This thing has a lot of parts to it. I've included some photos to show what the inside looks like. It reminds me of a copy machine. You open up the side door and pull out the innards of the machine to clean. The operating instructions recommend a weekly cleaning and it really isn't hard to do. You've just got to remember to put all the parts in or it will not work correctly. The cool thing about the unit is that it will tell you on the view screen if certain components of it are not in place correctly...much like the office copy machine. There was one time however, that I didn't put the hose back into the Milk Carafe...I had cleaned it and left it aside...and that messed up a cup of cappuccino. You've got to be careful and make sure everything is hooked up and ready to go before you start brewing!

When operating, it is a little louder than the Nespresso. Especially since this unit froths the milk and grinds the coffee beans. It is by no means intolerably noisy however. I've seen the reviews posted that say that the coffee beans are not spilling into the machine correctly. I haven't had that happen to me as of yet. The coffee beans have been feeding into the machine consistently so far. I did note that the plastic "shaker" can be easily removed if a problem does occur in the future. I did try using ground coffee in the machine and that is where I ran into some problems. It just didn't work all the time. Sometimes only hot water would come out of the unit. It was very inconsistent for me when using ground coffee and thus I have only been using beans now. When cleaning the ground coffee from the machine, it packs it into a small "cake" that can be easily removed. I've included a photo of this for you to see what it looks like.

Another negative worth noting is that there seems to be a lot of excessive water collected in the tray that runs under the unit. I'm not sure where all of the excess comes from. Maybe steam? This is something that you are going to have to clean often. I clean it after every operation because I am scared that running too many cups will cause it to overflow. This tray unit is what you see the cup and milk carafe sitting on. It has two push buttons on either side and this will allow you to remove the tray (which runs the length) of the Saeco. After running four cups of Cappuccino, this will fill up with excess water quick. The good thing is that it is easy to remove and replace.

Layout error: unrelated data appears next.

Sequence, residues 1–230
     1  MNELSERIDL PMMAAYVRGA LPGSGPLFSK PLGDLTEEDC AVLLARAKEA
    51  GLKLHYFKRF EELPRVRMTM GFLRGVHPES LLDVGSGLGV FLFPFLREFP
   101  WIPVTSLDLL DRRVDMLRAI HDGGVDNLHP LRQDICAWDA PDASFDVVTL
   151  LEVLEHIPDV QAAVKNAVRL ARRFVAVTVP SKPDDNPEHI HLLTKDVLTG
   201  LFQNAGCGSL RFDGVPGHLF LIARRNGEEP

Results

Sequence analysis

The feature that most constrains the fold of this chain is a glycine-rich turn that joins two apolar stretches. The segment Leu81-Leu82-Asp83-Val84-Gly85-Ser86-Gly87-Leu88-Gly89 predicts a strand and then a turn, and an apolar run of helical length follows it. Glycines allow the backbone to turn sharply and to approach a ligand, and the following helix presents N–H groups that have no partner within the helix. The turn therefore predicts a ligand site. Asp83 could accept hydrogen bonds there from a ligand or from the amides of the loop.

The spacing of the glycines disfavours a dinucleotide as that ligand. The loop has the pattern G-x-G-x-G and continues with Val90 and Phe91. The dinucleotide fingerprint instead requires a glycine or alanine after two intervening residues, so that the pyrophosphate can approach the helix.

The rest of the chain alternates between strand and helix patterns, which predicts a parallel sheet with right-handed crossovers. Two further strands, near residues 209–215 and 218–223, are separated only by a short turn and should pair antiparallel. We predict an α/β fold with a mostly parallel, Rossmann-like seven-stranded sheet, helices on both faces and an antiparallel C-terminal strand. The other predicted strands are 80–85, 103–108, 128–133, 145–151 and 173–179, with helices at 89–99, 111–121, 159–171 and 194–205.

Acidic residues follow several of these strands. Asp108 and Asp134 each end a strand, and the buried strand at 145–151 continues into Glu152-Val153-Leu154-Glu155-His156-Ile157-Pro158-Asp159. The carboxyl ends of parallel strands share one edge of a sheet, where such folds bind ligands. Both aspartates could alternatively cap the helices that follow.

I would be a little hesitant to put the milk carafe in the fridge. It has rubber gaskets on certain parts of it and taking it out of the fridge and putting it through the extreme heat of the frothing process could cause excessive wear on those rubber seals. I rinse it with warm water after each use and if you have extra milk in the container, you can easily pour it back out. When you are paying this much for a machine like this, I'll weigh more on the side of caution just in case.

If you are serious about your cappuccino, this is the machine for you. It is very pricey but I can say that it makes it just as good as the expensive coffee houses. However, be prepared to take a little more time to maintain this piece of equipment. It has a lot of parts to it and you are going to need to clean it regularly. There are certain parts of the system that are going to need to be greased as well. The operating instructions recommend doing this after about 500 cups have been brewed. A tube of grease is included with the machine. The machine cleans itself too. Every time you turn it off and on, it will run water through it to purge itself so you will get the best cup. I always put a cup under it before I turn it on and off to collect this "purged" water and that way it doesn't fall into the drip tray.